All that said, you’re still a Canadian Permanent resident and have the absolute right to come settle into Canada at any time till your status is valid, furthermore this status isn’t automatically revoked so should you change your mind about wanting to settle in Canada the doors will be open wide for you. If you however plan to not settle down then I do recommend relinquishing your PR before it expires and comes due for renewal so that if you were to attempt to immigrate back to Canada at a point in the future this isn’t held against you.

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I’m on similar situation. My PR expires in Aug 2023. I’m planning to move Jan/Feb next year. I’m not sure if I will face issues at port of entry in case I have to travel out of Canada to India to visit my parents before I complete my 2 year residency requirements. Any thoughts on this?

As long as your PR card hasn’t expired you shouldn’t have any problems at the port of entry. If you move in Jan 2022, then you should be able to freely travel till Aug 2023 and then renew your PR card after Jan 2024 when you complete your 2 out of 5 years residence requirement.

If you travel out of Canada with an expired PR card then you either need to come back via the land border from the USA or will need to apply for a PRTD from the Canadian embassy in India or another country that you’re in. One of the things that they ask for is your residence in Canada details in the PRTD document but there’s no automatic rejection even if you don’t meet the requirements, this will be evaluated by an officer and you will get a chance to explain the reasons for not meeting the requirements. Whether it is approved or not I can’t say but do know that you will not lose your Permanent Residence unless you surrender it willingly or an immigration court decides against you. My personal recommendation would be to avoid travelling when your PR card is expired but there are unforeseen circumstances where this might not be possible and if it so happens then you can explore alternate options that I have suggested.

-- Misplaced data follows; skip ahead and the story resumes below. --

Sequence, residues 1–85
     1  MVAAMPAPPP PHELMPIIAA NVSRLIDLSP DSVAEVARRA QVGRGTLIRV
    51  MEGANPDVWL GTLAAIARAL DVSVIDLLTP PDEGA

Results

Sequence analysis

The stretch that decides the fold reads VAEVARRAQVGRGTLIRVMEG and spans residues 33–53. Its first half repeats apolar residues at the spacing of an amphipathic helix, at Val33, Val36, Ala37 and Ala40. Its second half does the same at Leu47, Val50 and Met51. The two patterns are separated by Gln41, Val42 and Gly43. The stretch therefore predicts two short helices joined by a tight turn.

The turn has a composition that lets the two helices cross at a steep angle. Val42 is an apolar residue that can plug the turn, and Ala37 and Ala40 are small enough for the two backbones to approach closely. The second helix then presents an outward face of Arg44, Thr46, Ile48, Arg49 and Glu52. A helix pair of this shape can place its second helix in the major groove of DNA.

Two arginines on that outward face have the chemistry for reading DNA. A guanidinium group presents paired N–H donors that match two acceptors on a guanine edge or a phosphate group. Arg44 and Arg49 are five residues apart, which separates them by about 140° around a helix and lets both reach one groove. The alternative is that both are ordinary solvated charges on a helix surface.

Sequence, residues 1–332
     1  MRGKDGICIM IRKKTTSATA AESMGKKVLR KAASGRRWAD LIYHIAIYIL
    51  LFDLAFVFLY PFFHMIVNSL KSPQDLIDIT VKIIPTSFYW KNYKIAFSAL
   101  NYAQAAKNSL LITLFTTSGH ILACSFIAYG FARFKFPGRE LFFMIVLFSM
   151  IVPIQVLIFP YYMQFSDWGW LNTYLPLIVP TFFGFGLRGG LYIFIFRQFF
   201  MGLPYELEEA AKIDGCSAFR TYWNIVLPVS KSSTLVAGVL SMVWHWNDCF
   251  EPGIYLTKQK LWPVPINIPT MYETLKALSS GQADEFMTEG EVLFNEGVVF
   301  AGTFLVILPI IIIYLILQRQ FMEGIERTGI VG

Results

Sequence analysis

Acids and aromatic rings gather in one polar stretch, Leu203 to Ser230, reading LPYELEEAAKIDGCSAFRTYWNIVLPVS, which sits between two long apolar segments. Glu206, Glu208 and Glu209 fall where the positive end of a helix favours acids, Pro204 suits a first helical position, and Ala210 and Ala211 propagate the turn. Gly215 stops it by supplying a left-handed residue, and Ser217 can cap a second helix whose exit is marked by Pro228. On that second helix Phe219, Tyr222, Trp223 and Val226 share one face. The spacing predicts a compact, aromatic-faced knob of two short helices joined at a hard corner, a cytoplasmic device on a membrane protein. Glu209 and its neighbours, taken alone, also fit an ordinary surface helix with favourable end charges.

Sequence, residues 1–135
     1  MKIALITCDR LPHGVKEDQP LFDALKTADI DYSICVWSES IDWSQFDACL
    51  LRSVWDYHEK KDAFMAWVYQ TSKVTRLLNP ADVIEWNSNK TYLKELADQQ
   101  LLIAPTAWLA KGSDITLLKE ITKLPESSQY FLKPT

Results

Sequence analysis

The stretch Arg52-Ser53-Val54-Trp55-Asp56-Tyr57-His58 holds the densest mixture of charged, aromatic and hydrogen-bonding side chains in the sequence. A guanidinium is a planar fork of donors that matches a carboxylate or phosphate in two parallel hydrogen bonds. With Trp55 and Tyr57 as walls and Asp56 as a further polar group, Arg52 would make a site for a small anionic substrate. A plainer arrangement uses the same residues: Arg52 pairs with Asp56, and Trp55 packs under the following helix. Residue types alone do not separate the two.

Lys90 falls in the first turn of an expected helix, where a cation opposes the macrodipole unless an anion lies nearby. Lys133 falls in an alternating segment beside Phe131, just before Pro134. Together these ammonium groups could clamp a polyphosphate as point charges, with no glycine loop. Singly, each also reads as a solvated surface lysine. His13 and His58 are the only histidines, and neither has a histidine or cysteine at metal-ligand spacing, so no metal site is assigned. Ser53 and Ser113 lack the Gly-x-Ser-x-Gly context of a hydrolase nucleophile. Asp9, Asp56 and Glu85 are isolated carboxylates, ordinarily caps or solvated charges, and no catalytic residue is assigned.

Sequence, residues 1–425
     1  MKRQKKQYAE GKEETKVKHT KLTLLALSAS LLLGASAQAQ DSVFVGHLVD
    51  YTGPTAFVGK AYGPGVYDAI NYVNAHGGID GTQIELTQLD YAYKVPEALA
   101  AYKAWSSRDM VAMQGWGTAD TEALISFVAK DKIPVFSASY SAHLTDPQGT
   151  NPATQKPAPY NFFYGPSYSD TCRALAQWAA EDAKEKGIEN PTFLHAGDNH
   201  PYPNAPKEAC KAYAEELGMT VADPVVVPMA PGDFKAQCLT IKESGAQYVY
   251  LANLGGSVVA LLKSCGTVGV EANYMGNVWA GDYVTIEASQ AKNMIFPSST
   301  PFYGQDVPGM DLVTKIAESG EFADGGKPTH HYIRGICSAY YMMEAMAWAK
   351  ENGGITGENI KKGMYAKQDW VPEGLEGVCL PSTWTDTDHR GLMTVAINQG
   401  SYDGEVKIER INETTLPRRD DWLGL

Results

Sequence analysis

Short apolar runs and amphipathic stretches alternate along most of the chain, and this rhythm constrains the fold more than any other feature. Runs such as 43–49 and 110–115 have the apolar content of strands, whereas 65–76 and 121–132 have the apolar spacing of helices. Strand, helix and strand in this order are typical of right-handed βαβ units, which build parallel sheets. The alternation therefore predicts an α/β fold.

Hi Panditji!
I want to understand this scenario. Let’s say, I have my PR card in hand. So soft landing is done and I did not relocate to Canada within 3 years. I won’t be able to satisfy the residency requirement during my move after 3 years.